At Amazon’s release event on Thursday afternoon, the company announced the Luna cloud gaming platform, which the company promises will arrive at launch on the Mac, iPhone, and iPad.
Amazon says that the service will be browser-based, utilizing web apps for streaming. It also appears to be roughly the same technology base that Microsoft’s Xcloud streaming service uses, utilizing H.265 streams to a user’s device, and returning only user inputs.
Subscribers will be allowed to play Luna games on two devices simultaneously. Resolution will ultimately be 4K at 60 frames per second on what Amazon calls “select titles.” All games at launch, and most games afterward will stream at 1080p at 60 frames per second.
More than 100 games will be available at launch, and the company has also announced a partnership with a dedicated Ubisoft gaming channel. Amazon and Ubisoft say that the channel will “will have access to their favorite Ubisoft titles in up to 4K resolution, mobile gameplay, and access to new titles” at launch. It isn’t yet clear if the Ubisoft channel will cost extra.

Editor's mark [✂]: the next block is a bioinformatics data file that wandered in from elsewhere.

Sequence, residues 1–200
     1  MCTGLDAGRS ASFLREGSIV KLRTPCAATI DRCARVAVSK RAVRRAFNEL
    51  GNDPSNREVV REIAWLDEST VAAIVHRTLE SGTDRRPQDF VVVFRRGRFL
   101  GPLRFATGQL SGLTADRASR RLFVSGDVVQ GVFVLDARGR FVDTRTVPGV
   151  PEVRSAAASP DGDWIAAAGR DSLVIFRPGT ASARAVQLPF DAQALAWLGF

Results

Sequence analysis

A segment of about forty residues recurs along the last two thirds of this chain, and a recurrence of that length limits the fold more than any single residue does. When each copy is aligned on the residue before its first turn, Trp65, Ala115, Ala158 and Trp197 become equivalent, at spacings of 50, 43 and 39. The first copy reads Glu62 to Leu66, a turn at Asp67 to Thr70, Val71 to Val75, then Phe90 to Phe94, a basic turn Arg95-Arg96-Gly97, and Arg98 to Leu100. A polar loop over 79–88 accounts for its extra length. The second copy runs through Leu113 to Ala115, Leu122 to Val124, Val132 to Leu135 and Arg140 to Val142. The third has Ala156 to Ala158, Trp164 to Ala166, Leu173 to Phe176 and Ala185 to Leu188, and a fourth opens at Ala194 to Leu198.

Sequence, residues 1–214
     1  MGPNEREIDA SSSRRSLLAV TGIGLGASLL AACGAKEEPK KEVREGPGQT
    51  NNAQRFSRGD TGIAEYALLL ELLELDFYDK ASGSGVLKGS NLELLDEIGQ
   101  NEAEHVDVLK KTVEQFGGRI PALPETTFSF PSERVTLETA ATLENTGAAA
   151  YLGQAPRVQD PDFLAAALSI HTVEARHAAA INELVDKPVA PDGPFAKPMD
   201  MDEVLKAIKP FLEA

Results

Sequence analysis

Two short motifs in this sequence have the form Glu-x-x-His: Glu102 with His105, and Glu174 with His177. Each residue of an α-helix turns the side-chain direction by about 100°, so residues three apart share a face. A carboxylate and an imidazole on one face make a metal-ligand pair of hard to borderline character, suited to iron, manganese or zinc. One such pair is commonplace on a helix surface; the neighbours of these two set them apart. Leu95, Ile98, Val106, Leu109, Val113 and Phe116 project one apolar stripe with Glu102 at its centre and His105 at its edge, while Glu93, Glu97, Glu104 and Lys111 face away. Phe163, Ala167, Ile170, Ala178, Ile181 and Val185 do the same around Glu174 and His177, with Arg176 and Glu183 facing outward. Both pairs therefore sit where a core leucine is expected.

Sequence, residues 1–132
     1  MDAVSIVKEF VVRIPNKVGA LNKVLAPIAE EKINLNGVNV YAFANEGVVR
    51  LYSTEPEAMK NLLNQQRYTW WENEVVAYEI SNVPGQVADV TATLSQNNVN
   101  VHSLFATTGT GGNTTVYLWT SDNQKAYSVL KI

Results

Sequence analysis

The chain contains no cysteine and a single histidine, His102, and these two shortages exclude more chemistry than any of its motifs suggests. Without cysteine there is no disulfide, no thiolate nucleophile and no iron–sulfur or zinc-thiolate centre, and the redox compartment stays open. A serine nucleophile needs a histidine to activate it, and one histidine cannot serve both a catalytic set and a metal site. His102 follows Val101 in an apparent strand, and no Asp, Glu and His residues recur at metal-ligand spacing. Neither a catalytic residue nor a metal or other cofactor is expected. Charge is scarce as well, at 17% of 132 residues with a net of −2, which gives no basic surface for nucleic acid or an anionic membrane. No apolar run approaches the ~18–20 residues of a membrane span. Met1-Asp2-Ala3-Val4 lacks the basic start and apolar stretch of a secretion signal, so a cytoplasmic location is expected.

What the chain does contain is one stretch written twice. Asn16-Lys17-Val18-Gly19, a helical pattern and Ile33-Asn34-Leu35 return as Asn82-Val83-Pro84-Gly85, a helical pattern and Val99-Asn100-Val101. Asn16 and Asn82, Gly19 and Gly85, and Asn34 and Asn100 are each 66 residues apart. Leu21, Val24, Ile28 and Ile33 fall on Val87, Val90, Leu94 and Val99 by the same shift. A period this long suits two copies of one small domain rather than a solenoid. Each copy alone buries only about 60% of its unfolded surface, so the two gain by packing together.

Twitch integration will be included with the service.
On the Mac, the system can be played with the $49.99 Luna Controller. The Alexa-enabled controller connects directly to the cloud through a user’s Wi-Fi, according to Amazon. Amazon claims that this cuts input lag by between 17 milliseconds to 30 milliseconds on the PC, Fire TV, and Mac. It isn’t clear if the controller with work with iOS or iPadOS at this time.
At launch, the Luna service will cost users $5.99. Pricing after full rollout isn’t presently available. US users can request early access starting on Thursday.
Mac users must be on macOS 10.13 or greater. Users the iPhone or iPad must be running iOS 14 or iPadOS 14.
The main difference between Microsoft’s Xcloud and Luna is the delivery to the device. Microsoft’s platform relies on an app, where Luna is streaming to a browser. Apple has recently delivered guidance on streaming gaming platforms, and Amazon’s Luna is well within the allowed platforms, given the browser-centric nature of the service.